Should Yoga Teachers Try Less?
One of the questions and worries that I end up dealing with from both our own students as well as other yoga teachers is 'What do I actually have to offer the world as a yoga teacher?'
Although it seems like a moment of anxiety it's actually a really important question and if you haven't ever asked yourself this then you probably should. Of course I can't answer that question for anyone, although I genuinely believe that every single person has something amazing to offer, even if it turns out to be exactly what one person needs at one specific point in their life.
The question that we are asking is really 'What do i have to offer the world as a human being?'
Of course I ask myself the same question as well. Often!
What do I actually have to offer? Would the world, let along yoga be any worse off if I just disappeared into the greenhouse and talked to my beloved tomatoes forever? Probably not!
I read an interesting post this morning about a yogi who felt that they hadn't really been practising their asana for sometime and I thought to myself 'Well a vast amount of 'traditional' yoga (if there is such a thing) hasn't resonated with me and I've taught it less and less for a few years now-what on Earth does that say about me as a 'yoga' teacher let alone someone that runs a 'teacher training' ?!'
Sometimes it feels that we don't really know why we are doing certain things or why we are not. When this doubt starts to play on my mind I try to remind myself that I don't actually need to know the reason and the chances are that if i think that I do then I'm probably just deceiving myself.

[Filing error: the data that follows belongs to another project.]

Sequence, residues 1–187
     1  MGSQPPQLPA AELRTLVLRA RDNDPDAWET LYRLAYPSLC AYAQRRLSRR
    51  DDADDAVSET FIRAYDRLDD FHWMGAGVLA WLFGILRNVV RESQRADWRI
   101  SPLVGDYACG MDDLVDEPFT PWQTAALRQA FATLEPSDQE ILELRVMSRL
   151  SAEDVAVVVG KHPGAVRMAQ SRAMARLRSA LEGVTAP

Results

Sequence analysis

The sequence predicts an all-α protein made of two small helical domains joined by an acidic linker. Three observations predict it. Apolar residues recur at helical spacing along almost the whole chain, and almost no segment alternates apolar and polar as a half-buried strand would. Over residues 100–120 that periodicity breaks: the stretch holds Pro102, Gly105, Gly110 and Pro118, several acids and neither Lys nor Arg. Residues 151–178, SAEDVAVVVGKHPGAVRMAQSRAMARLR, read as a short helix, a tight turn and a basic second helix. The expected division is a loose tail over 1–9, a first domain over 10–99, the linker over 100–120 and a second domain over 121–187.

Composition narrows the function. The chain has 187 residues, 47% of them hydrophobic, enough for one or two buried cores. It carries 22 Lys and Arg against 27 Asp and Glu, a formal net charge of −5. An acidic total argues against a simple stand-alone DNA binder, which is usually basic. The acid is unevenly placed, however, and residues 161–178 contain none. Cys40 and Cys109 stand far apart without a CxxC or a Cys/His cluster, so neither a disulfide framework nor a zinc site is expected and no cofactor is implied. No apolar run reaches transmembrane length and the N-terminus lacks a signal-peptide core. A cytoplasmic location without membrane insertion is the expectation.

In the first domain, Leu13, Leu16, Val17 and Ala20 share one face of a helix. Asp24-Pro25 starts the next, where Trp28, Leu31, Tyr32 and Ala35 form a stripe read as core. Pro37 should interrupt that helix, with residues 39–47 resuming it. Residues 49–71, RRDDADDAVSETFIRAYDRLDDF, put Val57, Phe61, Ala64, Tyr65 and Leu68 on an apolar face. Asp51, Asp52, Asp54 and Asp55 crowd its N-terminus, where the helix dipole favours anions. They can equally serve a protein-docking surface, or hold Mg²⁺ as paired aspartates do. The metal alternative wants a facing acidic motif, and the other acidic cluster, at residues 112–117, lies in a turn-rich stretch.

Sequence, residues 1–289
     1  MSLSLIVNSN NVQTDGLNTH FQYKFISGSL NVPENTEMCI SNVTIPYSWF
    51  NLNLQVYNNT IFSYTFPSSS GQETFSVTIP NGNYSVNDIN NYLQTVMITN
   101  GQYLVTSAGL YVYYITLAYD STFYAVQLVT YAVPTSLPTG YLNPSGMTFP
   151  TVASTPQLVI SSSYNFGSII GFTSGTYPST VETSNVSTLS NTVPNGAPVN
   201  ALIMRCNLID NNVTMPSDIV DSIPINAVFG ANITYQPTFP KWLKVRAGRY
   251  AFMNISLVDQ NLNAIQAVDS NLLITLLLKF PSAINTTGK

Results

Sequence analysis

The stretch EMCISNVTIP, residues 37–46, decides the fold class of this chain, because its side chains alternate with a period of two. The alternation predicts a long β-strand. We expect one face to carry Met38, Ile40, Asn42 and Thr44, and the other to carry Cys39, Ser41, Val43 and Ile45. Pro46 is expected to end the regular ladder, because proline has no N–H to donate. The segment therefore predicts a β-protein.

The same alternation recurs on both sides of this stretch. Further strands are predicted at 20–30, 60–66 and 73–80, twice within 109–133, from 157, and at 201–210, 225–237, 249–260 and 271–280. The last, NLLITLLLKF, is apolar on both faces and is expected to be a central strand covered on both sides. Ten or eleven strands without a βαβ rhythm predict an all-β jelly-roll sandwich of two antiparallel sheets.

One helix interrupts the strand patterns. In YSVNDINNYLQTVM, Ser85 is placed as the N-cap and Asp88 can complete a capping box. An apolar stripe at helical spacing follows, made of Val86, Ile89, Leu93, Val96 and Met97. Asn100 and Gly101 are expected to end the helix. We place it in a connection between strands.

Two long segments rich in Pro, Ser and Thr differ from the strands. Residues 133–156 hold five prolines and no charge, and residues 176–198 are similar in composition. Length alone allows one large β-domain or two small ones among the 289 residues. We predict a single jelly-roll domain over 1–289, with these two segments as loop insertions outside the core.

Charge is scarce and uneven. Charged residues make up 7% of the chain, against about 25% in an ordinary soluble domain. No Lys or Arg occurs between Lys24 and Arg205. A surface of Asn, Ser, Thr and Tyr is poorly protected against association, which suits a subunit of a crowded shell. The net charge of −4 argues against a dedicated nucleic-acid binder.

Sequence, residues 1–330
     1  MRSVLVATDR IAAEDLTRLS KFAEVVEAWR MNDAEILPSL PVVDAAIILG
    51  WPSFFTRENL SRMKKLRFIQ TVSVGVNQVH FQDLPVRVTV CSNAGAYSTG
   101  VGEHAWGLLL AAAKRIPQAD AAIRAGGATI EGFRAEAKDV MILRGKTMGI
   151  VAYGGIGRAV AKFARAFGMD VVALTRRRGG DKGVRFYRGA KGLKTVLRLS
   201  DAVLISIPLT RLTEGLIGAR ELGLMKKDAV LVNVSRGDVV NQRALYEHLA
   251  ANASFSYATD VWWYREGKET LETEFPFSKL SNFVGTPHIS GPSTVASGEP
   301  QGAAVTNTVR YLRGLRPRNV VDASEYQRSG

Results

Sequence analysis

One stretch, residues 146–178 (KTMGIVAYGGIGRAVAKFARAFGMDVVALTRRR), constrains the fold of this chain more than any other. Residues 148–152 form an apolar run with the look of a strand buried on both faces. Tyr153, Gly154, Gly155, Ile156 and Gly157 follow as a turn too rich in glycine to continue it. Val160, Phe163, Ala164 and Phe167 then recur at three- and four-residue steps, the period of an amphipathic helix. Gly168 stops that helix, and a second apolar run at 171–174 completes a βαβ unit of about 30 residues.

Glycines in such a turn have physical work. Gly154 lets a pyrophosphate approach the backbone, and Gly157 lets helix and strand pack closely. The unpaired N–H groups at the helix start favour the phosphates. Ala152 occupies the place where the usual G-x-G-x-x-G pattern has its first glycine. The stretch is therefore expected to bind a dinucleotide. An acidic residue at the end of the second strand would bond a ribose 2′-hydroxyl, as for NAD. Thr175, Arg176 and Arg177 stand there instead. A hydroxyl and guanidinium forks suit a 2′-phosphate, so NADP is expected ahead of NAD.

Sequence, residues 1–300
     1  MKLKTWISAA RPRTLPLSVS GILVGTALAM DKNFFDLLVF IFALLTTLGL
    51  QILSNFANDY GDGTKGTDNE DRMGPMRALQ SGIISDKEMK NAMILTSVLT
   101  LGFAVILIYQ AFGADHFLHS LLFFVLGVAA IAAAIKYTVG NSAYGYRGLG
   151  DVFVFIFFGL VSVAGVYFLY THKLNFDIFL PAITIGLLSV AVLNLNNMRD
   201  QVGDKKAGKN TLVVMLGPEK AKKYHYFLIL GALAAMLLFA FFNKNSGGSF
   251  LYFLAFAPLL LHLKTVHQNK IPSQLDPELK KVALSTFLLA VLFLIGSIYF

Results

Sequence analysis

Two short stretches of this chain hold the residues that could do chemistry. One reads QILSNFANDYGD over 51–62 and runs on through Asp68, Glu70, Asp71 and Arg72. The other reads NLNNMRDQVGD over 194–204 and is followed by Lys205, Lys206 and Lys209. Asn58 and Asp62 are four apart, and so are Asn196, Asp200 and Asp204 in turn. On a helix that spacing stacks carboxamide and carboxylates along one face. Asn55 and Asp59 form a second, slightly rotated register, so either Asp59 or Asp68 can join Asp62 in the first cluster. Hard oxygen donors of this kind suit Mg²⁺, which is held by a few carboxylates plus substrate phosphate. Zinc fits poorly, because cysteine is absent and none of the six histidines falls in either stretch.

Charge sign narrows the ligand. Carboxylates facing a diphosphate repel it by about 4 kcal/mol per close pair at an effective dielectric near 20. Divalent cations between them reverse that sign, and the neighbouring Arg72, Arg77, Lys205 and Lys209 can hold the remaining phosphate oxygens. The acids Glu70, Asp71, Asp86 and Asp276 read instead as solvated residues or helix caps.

All I really need to do is to trust my gut, be a complete version of myself (not a half arsed copy of someone else)and do what I believe is best at any given moment. To act with spontaneity and honesty is simple.
I was told by a special friend a couple of years ago that I'm a closet Daoist, I didn't even know what that meant at the time! The more and more I explore Taoism the more I understand what she meant. You can't be a Taoist, I'd argue that you can't practice Taoism, its pretty much about trusting to the flow of life, letting go, giving up resistance, effortless effort - Wu Wei.
The only problem that I can see emerges when you aren't being yourself and you then start to act in a forced way in order to either please others (as a teacher or just as a human) or to appease your own fears such as future financial security. If you start to operate from this standpoint you'll find that life enters a loop that can feel like swimming through treacle, everything is a struggle and loses its joy. We aren't acting purely and truly.
It has happened so often to me that I cant doubt it anymore. I have given up more 'secure' jobs than I can remember; let go of projects, even things that I had worked on and built up for years like my installation art company. If I stop loving our Yoga Like Water trainings, then I'll stop them too, without a doubt.
So far nobody has died as a result,the kids haven't starved and I'm still here to tell the tale!
So for what its worth I'd say try to care less as a yoga teacher; stop struggling against the tide, simply be yourself, deliver what you believe in and see where you get swept to - it might be where you least expect and it will certainly be an adventure! You have to trust that you will get taken to exactly where you and the world need you to be. Of course whether you take that step or not is all a matter of trust, if you don't trust then it certainly wont happen.
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